Starring Chris Sarandon,William Ragsdale, Amanda Bearse and Roddy McDowell
Directed by Tom Holland
Rated R: Violence, Brief Nudity
Typical teen Charley Brewster suspects that his new neighbor may be a vampire in disguise, but no one believes him. He goes to Peter Vincent, an aging actor who once played a famous vampire killer in a series of movies for help, but he doesn't Charley either until the truth is final revealed and together Charley and Peter fight in monster in a haunted house showdown.
The first act has an absolutely terrible set up, Charley ignores the cheesy horror movie on TV as well as his girlfriend who has just admitted to being ready to “put out”, in favor of watching a coffin being moved into the house next door, which is somehow more interesting to him. We follow that up with some clunky TV News exposition at a place that looks like its supposed to be teen hangout from “Happy Days” and get to meet Ed “Evil” Thompson, Charley’s high pitched and highly annoying “friend”. Charley engages in “Rear Window” antics, monitoring his neighbor’s activities for some unknown motivation, alienating those around him with his strange superstitions.
He calls the police, when he has little to no evidence to support his theory and plays the “vampire” card way to early so that absolutely no authority figure will believe, on top of that now the vampire knows you know about him. What an idiot. By this point my sympathy is with the vampire, because he shows just how clever he is, getting an invitation into Charley's house and sneaking around when Charley least expects it. However, when he tries to kill Charley, idiot it not, it crosses the line. Maybe if Charley were more charismatic I might have latched on to him more. The setting also love to remind us that he’s a teenager with the previously mentioned 1950s teen hangout, brief reference to school and studying, and the discarded Playboy pin ups alongside crushed Coke cans (I guess crumpled tissues would have been too racy) Speaking of sex, we’re also reminded that this is a teen movie in the eighties, as twenty minutes in we get a brief shot of bare breasts as an enticement to stay for the rest of the movie, a hallmark of a pre internet age of cinema.
Speaking of the internet, the exposition is handled rather clumsily. In an internet era I can either Google, Wikipedia or TV Tropes my way for a complete list of tell tale vampire signs, weaknesses and counter measures. Well, since Charley can’t do that, he relies on “Evil” to tell him about vampires, which is strange given that we see Charley watching movies about vampires on the Fright Night TV show that we see is on his TV every night. You’d think he’d be parked on his bed with one eye on screen taking notes while keeping one eye on the window.
It is a very “Eighties” movie. The dance club scene really doesn’t belong in any other era and feels crow barred into the end of the second act. Skipping ahead, Amy is kidnapped by Count Vampire because as per the law of Immortal Monsters be it Mummies, Vampires or Ghosts, their lost love is reincarnated into the next generation and looks exactly the same. This bit is never really explained though and the two of them have a Cinemax style love scene without any actual sex but plenty of over the top synthesized music.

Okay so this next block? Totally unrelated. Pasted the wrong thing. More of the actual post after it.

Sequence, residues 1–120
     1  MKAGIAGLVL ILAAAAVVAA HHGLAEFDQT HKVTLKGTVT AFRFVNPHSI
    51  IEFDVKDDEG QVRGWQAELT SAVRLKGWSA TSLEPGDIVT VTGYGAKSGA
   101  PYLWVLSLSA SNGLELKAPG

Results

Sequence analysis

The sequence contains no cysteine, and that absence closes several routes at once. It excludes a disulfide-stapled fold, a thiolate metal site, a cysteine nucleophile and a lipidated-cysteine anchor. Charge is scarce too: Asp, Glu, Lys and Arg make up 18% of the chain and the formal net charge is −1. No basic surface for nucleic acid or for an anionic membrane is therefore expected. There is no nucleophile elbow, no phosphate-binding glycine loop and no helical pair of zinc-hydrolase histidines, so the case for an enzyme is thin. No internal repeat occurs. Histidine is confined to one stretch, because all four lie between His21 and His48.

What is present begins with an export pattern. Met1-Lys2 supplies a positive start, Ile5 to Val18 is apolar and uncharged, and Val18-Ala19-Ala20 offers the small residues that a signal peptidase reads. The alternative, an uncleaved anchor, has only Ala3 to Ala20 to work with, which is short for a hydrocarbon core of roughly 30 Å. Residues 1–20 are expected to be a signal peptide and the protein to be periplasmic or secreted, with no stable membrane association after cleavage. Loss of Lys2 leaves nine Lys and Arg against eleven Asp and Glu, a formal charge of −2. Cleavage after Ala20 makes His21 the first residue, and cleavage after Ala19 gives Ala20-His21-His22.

The third act really does pick it up for me. The best scene for me is when Peter has his showdown with Evil, who is now a werewolf. Peter falls and fains over a broken railing so that Evil can do the “run and land on the impalement” trope, but the animatronics, makeup and most of all the acting, is what sell this scene as we see Evil recognizing his final death as he shifts from werewolf back to boy, his eye show remorse for his demise and convey thanks to Peter for releasing him as he slowly crumbles away, as Peter is petrified, his eyes welling with tears. Wow. Its a scene that I really wish had been in a better movie. If this footage this been used for the conclusion of "An American Werewolf in London", I would bumped my rating there to five stars easily.
Charley and Peter make their last stand in the biggest dry ice production plant ever, by flashing crosses to ward off evil, but it has to be backed by faith, which Charley has in spades, but for some reason Peter doesn’t even though he got the cross to work on Evil before, and now in the last stand Peter when does believe and for some reason it doesn’t work. Also Amy is now a vampire with a Chelsea smile and rows of impossibly sharp teeth that are absolutely freighting (out of context they might have been comical) and they have to kill the vampire before dawn in order to save her. I never really understood how that works. It’d be like if your friend was choking on an olive, and you try and help by destroying the jar of olives that it came from rather than working to remove the offending olive itself. Either way the kill the head vampire at daybreak so I don’t really know if that counts as "before dawn". Plus that’d be a great sequel hook if Amy started showing sign of vampirism, the two of them slowly realizing it but not knowing what to do about it.
The film pays homage to its processors, namely the Hammer Horror series, but seems to revel in its clichés with a lack of genre savvyness. Its most redeemable elements are the parts rather than the whole.
A remake is in development (no surprise), set for August 2011 and while Anton Yelcin as a teenager seems par for the course, but David Tennant as Peter Vincent makes this one a blip on my radar, an excellent actor returning as a returning action hero makes it all worth it.
"I'm going to be played by Doctor Who?"
2 ½ out of 5. Tolerable.